When asked what gives them the special feeling around Christmas, besides being with family and friends and enjoying the traditional Christmas cheer, a lot of people will tell you that one thing that makes this time of the year special is also the delicious sweet scent that comes from the kitchen. Here are some traditional Christmas cakes that are a part of this magic.
The Italian spongecake originating from Milan has somewhat become one of the inevitable Christmas cakes all around Europe and many parts of the world. Usually made with raisins or candied fruit, it can also be made with chocolate or filled with different types of creams. And while many people love to make their own panettone, there is something mesmerising when seeing all the panettone boxes piled up in a store that just makes you grab at least two – one for you and one for your friend or neighbour.
2. King cake
Though there are many versions of the king cake which is a big Christmas hit in lots of countries with, French and Spanish roots, the king cake is usually round with a hole in the middle to resemble the crown and with abundance of crystallised and dried fruit that symbolise the jewels in the crown. The king is of course little Jesus as it’s his birthday we’re celebrating.
3. Yule log
One of the favourite Christmas desserts of the French is definitely the chocolate cake called yule log or bûche de Noël that quickly became very popular in all the countries linked to France. Popularised by French bakers during 1900s, it has a very specific look which can hardly go unnoticed – looking like a log and usually garnished with some edible leaves or meringue mushrooms, it represents the yule log that families would burn on Christmas Eve and the good luck in the new year.
Popular in Denmark and Norway, this tower cake with the literal meaning ‘wreath cake’ is made up from layers of concentric cookie rings. The impressive cake is also covered with royal icing that gives it even more luxurious look but also keeps the rings together.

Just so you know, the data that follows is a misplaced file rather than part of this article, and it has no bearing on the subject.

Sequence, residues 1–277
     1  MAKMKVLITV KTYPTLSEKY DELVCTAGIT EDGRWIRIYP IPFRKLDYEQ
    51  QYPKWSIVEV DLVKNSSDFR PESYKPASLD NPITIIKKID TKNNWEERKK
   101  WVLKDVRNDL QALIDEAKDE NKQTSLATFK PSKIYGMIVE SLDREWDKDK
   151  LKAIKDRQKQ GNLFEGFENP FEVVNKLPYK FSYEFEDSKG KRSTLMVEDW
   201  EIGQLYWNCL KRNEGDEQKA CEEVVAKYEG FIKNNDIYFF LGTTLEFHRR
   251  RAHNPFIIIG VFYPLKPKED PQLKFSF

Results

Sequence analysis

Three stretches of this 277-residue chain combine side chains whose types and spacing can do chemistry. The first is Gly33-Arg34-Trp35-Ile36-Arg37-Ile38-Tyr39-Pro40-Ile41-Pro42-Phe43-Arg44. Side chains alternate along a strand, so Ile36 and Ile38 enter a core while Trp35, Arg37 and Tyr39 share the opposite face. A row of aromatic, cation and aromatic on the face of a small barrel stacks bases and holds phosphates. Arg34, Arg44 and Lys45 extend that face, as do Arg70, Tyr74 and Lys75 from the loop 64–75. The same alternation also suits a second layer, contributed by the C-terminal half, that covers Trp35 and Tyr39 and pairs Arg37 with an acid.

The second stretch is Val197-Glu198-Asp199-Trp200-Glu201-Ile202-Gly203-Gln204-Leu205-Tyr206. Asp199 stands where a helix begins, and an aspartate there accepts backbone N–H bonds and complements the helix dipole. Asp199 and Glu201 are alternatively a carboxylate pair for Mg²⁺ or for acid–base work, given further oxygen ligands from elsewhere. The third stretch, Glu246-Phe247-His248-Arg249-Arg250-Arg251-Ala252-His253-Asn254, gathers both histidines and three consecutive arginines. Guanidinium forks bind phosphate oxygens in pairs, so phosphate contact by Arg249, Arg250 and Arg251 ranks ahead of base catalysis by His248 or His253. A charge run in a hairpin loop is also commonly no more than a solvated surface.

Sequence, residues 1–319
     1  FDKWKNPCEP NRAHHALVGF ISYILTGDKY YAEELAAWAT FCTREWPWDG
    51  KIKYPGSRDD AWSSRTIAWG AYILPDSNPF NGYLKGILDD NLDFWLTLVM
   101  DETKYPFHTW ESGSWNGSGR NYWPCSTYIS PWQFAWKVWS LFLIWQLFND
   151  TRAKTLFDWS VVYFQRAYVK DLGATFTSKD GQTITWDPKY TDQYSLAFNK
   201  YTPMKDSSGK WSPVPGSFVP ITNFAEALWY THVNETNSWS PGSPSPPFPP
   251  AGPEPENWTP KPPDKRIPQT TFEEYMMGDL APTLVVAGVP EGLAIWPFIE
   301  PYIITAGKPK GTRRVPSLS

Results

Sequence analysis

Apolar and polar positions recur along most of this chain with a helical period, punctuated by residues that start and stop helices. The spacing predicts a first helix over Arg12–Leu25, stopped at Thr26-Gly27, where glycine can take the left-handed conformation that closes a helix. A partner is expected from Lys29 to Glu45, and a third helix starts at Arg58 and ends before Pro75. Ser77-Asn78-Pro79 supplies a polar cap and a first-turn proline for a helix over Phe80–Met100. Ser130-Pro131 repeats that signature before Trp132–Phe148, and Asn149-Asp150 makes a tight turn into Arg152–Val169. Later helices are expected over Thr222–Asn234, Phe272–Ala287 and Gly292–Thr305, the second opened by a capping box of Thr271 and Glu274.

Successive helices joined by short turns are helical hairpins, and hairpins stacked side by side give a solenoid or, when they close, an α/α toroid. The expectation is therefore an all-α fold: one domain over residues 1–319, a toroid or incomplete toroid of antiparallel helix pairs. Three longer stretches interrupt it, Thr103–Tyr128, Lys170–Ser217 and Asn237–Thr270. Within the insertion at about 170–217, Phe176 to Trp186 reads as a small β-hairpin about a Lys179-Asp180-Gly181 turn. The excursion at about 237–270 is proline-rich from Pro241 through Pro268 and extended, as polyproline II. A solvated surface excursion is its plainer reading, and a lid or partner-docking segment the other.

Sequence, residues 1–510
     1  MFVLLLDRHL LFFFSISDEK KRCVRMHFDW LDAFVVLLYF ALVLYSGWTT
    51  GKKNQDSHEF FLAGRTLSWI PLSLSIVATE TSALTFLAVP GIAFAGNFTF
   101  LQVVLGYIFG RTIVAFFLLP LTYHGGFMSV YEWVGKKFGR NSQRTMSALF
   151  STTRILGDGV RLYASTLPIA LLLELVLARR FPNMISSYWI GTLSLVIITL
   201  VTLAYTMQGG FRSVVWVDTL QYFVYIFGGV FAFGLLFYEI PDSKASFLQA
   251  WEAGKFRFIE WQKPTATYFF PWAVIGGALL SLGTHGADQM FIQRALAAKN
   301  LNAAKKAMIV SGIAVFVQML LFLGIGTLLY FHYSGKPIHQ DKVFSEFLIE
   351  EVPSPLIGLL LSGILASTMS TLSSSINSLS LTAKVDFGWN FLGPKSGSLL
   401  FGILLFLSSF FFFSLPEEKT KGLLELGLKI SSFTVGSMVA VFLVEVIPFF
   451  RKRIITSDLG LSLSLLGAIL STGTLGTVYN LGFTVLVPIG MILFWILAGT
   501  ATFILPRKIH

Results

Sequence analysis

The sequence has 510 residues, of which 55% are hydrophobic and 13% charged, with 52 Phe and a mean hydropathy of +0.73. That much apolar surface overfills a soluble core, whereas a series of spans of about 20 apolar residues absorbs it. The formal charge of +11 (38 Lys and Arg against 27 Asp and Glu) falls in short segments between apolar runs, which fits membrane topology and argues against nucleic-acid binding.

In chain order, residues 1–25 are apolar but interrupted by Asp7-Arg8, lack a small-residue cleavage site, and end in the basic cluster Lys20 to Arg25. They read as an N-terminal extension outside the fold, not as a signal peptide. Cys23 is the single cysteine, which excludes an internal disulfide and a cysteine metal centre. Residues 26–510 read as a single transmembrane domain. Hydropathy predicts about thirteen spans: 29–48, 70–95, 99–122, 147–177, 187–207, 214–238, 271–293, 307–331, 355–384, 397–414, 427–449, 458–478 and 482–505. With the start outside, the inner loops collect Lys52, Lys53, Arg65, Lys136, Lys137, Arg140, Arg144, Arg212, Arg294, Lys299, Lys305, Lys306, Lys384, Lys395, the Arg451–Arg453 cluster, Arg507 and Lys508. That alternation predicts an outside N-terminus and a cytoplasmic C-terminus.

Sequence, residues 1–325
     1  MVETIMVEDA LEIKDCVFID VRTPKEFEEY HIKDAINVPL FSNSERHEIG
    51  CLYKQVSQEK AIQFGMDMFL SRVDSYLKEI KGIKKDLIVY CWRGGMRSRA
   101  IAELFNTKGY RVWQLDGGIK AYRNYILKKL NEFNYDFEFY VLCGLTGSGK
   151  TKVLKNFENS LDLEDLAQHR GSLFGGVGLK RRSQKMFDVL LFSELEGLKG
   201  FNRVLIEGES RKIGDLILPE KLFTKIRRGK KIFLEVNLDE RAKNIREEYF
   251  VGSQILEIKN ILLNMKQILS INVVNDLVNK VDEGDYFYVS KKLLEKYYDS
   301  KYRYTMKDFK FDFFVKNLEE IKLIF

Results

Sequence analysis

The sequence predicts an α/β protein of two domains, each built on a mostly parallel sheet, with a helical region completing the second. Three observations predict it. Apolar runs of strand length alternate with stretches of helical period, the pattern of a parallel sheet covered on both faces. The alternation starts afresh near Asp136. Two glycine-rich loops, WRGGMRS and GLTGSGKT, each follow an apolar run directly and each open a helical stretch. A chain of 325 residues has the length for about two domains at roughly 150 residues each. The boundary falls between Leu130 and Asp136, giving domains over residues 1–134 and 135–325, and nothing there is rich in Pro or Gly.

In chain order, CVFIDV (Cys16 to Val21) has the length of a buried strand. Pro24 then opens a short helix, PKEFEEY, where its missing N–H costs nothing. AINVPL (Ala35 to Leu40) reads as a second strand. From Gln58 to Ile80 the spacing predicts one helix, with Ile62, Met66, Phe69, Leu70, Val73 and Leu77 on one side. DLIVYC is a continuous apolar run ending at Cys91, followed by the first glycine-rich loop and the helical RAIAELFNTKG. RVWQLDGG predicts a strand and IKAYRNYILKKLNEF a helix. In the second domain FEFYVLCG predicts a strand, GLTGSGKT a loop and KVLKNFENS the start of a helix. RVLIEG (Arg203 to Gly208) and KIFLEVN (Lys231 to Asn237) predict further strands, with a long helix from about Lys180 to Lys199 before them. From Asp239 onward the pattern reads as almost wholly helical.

Technically not a cake but pastry, this delicious dessert traditionally made from puff pastry and plum jam is a favourite in Finland during Christmas time. Though it can be in different shapes, the most usual ones are a star or pinwheel, and sometimes the apple jam replaces the prune one.
6. Christmas pudding
Despite being known also as ‘plum pudding’, this traditional English Christmas dessert contains no plums – this comes from the fact that historically, the term ‘plums’ was used for raisins in the pre-Victorian times. And while there are some legends like the one that the pudding is made of 13 ingredients symbolising Jesus and Twelve Apostles, many families have their own secret recipe for the Christmas pudding that they handed down through generations.
This very special Christmas cake originates from the Philippines but is also popular in other Asian countries where Christmas is celebrated. A rice cake made with coconut milk, bibingka is baked wrapped in a banana leaf, making it look very attractive.
8. Sweet potato pie
One of the most favourite Christmas cakes in the US is actually a pie. It’s usually made only with the lower crust, open at the top. Often associated with Thanksgiving, the sweet potato pie is made during the time of holidays from Thanksgiving until the New Year.
Similar to doughnuts but not really, fritule are favourite Christmas sweets in Croatia. How would they not be when they contain such fine ingredients like citrus, raisins and brandy. You can top them with powdered sugar or chocolate – either way they’re best when eaten outside with friends and family at a Christmas market.
These vanilla biscuits are very popular in some parts of Europe like Austria, Hungary, Croatia, Czech Republic… basically the European countries that were formerly part of the Austro-Hungarian empire. Made with either nuts or almonds, they are best after they rested a couple of days when they become soft and melt in mouth – perfect for cozy morning breakfasts or nibbling throughout the day. They are most definitely a part of every Christmas of mine, yesterday’s batch in the below picture: